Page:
BY: SINEAD MULHERN
Deep in the Colorado Rockies is the abandoned mining town of St. Elmo. Old wooden sidewalks creak and dance-halls where sounds of lively music and foot stomping used to flood out onto the streets are now silent, and the general store looks quaint in its loneliness—an image from the past more suitable now to storybook illustrations than the modern American world.
St. Elmo used to be a bustling mountain town. It was developed in the 1870s. (That’s still visible from its architecture.) During the boom, there were 2,000 living there, mostly families of those who worked in the surrounding area’s 150 gold and silver mining locations. Then, walking through St. Elmo, you would see houses, cabins, hotels, dance halls, the town hall, a school house, a general store and a telegraph office. In 1881, it became a station on the Denver South Park Pacific Railroad, bringing more activity to the town.
But like many mining towns, the boom faded and it went bust. St. Elmo lost its train station in 1922. It’s rumoured that the townspeople caught the last train out. But one family stayed behind: the Starks. They owned a hotel, a shop and the telegraph office. One of them, Annabelle, one of the children is said to have been the last one to leave the town. She lived in St. Elmo until the 1950s until St. Elmo was left, silent, other than the babble of the waters of nearby Chalk Creek. It became yet another American ghost town.
It wouldn’t be an abandoned town without a ghost story. Many say that Annabelle is still present there even though she’s not alive. Those who have wandered through or who live nearby claimed to have seen a grown-up Annabelle peering through the windows of her hotel. One family who took on the project of fixing up the hotel often found items out of place when they came back in the mornings. Just over a decade ago, much of the Stark property burned down in April of 2002. However, locals who live nearby rebuilt it.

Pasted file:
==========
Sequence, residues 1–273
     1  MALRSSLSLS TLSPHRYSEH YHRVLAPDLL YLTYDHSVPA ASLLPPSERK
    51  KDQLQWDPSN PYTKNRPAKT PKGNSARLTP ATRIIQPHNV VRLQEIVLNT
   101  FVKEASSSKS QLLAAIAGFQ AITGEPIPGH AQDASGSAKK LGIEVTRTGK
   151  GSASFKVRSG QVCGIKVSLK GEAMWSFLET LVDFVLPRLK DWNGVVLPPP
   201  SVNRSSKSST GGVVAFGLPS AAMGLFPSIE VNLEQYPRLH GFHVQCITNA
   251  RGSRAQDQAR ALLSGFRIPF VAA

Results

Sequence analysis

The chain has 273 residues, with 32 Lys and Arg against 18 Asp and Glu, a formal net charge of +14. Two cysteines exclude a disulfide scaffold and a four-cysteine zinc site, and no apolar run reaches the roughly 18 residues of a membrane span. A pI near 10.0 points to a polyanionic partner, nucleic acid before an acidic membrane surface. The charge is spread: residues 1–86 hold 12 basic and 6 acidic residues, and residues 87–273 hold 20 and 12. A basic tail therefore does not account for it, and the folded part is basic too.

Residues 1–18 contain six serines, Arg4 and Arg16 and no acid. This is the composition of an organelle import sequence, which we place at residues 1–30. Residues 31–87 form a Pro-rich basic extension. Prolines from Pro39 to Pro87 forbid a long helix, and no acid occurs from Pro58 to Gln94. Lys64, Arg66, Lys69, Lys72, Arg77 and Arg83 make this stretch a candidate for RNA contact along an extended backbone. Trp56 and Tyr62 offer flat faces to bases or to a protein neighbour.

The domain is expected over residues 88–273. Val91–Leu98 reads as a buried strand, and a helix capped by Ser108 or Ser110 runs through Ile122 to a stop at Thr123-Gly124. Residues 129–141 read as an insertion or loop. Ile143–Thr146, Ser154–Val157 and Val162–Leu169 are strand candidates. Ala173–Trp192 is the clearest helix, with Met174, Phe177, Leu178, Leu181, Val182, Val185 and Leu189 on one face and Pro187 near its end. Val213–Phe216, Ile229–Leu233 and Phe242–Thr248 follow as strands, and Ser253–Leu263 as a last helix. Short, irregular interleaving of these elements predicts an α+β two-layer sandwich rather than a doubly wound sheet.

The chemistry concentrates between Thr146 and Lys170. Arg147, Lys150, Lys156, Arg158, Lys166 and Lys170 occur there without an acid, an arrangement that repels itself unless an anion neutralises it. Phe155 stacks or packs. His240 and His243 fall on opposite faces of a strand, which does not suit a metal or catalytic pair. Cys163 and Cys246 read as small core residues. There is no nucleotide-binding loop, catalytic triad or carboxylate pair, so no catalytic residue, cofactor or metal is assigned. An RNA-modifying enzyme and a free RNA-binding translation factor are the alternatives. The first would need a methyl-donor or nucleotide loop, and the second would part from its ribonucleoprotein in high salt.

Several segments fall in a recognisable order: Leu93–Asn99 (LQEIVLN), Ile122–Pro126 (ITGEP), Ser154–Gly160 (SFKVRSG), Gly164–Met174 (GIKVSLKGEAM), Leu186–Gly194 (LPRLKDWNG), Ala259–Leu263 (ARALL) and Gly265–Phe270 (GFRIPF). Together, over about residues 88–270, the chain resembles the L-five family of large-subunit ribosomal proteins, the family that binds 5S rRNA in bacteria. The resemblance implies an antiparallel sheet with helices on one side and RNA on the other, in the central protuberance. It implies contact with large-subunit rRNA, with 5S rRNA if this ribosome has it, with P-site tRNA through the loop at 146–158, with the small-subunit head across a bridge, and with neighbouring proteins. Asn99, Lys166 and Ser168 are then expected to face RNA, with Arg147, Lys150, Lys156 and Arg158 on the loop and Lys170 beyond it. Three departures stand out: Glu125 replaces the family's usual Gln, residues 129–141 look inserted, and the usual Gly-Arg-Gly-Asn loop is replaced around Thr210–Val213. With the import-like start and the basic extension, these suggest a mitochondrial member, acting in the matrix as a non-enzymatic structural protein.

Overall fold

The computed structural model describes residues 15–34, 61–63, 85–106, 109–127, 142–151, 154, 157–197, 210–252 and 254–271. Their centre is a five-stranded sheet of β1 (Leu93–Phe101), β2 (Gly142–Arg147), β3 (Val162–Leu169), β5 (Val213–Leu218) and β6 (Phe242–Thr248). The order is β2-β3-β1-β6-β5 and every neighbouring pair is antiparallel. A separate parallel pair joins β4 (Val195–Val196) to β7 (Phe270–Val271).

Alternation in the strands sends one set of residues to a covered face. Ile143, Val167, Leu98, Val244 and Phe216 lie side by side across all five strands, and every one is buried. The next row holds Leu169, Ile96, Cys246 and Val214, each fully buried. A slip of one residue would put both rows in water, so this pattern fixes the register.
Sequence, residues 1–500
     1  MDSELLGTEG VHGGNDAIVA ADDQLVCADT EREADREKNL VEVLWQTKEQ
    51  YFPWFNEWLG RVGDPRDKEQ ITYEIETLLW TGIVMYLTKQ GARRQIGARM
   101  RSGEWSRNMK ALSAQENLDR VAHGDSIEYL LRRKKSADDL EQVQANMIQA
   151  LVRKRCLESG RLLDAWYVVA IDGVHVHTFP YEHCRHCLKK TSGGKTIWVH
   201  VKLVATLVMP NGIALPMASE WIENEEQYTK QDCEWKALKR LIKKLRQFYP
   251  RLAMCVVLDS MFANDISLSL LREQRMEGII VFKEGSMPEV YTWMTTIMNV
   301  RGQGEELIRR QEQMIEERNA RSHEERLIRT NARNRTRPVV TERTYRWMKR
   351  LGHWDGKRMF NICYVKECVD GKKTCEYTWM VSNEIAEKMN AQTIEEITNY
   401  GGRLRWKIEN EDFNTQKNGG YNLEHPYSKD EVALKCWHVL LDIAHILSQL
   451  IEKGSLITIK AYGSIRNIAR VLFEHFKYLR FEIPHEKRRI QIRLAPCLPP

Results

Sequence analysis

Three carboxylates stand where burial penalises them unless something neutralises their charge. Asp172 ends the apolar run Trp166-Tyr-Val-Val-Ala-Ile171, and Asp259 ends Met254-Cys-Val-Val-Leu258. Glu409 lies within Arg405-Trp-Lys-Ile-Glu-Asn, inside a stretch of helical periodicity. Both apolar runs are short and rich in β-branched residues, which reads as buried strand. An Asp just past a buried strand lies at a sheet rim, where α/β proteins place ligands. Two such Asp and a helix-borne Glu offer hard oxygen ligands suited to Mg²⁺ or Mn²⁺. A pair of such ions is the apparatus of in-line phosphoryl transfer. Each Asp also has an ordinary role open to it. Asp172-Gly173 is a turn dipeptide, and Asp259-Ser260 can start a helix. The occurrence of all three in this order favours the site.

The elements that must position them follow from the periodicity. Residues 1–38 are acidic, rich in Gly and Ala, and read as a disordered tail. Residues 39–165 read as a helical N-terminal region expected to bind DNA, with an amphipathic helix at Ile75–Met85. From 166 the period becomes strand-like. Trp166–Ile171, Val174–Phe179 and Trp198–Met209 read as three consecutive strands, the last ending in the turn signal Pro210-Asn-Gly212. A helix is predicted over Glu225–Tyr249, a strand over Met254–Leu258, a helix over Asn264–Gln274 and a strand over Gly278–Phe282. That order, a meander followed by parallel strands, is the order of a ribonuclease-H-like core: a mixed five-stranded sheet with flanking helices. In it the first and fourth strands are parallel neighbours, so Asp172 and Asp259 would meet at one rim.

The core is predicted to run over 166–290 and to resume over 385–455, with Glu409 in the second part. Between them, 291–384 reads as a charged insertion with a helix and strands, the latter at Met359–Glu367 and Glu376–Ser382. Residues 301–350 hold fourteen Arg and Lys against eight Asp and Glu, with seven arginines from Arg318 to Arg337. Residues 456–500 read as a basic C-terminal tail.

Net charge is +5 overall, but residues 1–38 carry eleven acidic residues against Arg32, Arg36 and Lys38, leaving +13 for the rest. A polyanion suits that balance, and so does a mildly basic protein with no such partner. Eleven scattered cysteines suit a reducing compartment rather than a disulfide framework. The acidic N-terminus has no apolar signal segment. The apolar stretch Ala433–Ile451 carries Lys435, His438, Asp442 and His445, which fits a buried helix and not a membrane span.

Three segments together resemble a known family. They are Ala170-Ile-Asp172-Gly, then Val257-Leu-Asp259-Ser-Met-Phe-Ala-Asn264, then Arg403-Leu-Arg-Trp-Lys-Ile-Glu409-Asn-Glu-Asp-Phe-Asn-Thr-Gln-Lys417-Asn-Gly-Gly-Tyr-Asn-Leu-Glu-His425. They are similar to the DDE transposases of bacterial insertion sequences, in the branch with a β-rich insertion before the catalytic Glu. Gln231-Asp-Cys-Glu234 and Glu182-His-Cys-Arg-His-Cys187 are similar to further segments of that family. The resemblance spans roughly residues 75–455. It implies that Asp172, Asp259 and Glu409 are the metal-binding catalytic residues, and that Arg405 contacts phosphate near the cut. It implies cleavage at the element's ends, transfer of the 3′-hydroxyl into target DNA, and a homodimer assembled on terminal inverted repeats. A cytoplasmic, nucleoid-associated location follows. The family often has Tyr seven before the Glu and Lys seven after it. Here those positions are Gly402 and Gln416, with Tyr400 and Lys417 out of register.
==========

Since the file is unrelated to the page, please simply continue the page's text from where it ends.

Even now, St. Elmo isn’t left completely silent. Though the nearest civilization is Buena Vista, located 20 miles away, St. Elmo welcomes the odd tourist—those curious to experience the mystery of this leftover mining mountain village. It’s not exactly a tourist haven though. There’s no room service, tour bus or honeymoon suite. It doesn’t even have any sort of nightlife whatsoever. Drive your car to this spot only if you seek to appreciate its history, the serene mountain life and a rustic getaway.
Plan to pack books, your own groceries and a pair of hiking boots. The miniature log cabins sleep three comfortably and rent for $79.00 per night. Technically, much of St. Elmo is now private property though roads are open to the public. Venturing into the old-fashioned buildings that look part of a child’s train-set, is trespassing. Plus, the buildings are deemed unsafe. If you’re quiet enough, you might hear the structures creaking in the wind.
This is a spot for the person who wants to get away from the noise, get lost in the past and absorb the romance of a place which was once the spot of good fortune but is now left all alone in the Colorado mountains. Urban explorers can only dream of escaping into the miles of underground tunnels that once serviced the operating gold mines. Now though, they’re just another sign of the St. Elmo decay.